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Elastic and inelstic collisions conceptual questions.

  • #1
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Homework Statement


The questions showed in the pictures ask me whether the collisions in the drawings could be elastic or inelastic, I am not given any mass, the angles are a little vague but I think B and C are supposed to be π/2 and π respectively. For velocity, I am just given the direction and somewhat the magnitude but no numbers. Also the dot represents where the particles collided.

Homework Equations


Conservation of momentum: P_initial = P_final
Conservation of energy: KE initial = KE energy final + Q
Q is just the energy lost or gained during the collision.

The Attempt at a Solution


So far I think that all of them could be elastic and inelastic as without any information of the initial state of the system I can't know whether we are loosing some kinetic energy or not. The problem is I'm not sure whether my reasoning is correct as I am not sure how can I prove this. Any help to reason out the correct answer would be very appreciated.
 

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  • #2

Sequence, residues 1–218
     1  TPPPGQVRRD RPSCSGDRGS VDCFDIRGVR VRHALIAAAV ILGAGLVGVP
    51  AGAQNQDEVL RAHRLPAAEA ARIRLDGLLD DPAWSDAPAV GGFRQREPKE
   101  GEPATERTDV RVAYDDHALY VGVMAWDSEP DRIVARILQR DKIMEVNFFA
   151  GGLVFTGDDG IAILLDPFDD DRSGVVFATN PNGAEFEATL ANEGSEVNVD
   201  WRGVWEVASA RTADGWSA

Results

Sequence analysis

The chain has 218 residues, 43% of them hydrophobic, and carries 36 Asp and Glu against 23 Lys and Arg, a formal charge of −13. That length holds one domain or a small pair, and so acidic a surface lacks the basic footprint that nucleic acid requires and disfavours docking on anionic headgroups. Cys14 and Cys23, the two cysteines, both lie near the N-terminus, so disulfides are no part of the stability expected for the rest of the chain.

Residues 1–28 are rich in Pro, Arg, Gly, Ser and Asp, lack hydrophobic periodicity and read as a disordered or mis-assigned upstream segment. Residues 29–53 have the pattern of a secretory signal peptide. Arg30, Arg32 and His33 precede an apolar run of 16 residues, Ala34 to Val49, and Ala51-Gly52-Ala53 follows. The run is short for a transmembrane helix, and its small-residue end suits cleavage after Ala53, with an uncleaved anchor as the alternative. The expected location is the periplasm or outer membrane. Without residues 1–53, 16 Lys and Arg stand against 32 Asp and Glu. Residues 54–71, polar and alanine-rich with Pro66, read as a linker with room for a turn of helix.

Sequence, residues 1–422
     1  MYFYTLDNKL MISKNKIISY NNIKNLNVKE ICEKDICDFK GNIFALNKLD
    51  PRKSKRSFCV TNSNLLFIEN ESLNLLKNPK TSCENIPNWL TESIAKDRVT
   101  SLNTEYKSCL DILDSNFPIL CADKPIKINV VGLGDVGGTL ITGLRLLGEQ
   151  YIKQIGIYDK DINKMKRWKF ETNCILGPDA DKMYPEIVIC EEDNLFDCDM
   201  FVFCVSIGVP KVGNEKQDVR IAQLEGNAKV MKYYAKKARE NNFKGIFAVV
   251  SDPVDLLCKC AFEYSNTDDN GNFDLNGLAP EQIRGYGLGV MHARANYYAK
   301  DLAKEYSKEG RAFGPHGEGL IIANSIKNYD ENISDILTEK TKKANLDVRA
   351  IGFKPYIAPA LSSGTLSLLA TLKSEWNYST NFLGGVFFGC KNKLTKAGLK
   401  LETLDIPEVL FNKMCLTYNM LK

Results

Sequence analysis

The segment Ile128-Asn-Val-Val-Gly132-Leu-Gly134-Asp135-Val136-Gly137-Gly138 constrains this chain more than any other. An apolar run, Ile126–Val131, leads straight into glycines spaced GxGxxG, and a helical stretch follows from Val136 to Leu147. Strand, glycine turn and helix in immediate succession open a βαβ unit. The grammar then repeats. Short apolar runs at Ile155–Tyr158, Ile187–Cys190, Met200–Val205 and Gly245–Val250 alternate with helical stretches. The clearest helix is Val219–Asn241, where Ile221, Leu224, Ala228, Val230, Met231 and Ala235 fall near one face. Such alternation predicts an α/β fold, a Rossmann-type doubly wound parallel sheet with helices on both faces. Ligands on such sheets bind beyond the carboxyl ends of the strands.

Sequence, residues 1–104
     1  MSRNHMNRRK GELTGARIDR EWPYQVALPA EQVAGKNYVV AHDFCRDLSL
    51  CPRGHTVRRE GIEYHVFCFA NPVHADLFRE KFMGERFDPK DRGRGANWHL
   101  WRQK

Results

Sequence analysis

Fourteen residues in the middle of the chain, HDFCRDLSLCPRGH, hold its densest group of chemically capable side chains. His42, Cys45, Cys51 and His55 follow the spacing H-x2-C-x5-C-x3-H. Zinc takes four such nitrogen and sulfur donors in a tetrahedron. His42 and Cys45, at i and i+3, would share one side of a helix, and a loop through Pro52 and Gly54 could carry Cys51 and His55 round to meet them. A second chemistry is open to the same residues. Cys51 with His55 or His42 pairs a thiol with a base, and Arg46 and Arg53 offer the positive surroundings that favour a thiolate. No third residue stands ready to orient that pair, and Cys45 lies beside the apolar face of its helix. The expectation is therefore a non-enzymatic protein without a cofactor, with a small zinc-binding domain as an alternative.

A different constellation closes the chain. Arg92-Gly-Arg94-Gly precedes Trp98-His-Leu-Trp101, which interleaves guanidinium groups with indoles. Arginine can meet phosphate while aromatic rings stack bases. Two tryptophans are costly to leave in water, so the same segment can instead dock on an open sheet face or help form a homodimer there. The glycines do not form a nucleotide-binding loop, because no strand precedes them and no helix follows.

haruspex
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There is a very easy way to think about 1d: "backwards".
 
  • #3
haruspex
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1f is somewhat problematic. A collision is inelastic if any KE is lost, no matter how little. Consequently, if a diagram depicts an elastic collision, the same diagram could work for inelastic, however slightly.
My guess is that for 1f you are supposed to consider whether it could have been "perfectly inelastic". That means, as much KE was lost as is consistent with conservation of momentum, no friction, point masses (so no rotation) and non-penetration (they cannot pass through each other).
 
  • #4
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There is a very easy way to think about 1d: "backwards".
Sorry I'm not sure what you mean by working it backwards. Could you explain a little more please
 
  • #5
haruspex
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Sorry I'm not sure what you mean by working it backwards. Could you explain a little more please
A feature of elastic collisions is no change in entropy. The process is in principle reversible, i.e., you can run time backwards to recreate the initial condition. Just reverse the arrows. What does it remain to check?
 
  • #6
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A feature of elastic collisions is no change in entropy. The process is in principle reversible, i.e., you can run time backwards to recreate the initial condition. Just reverse the arrows. What does it remain to check?
Sorry for late reply, Thanks for the help !
 
  • #7
haruspex
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Sorry for late reply, Thanks for the help !
Does this mean you have answered the question?
Were you able to answer my question at the end of post #5?
 

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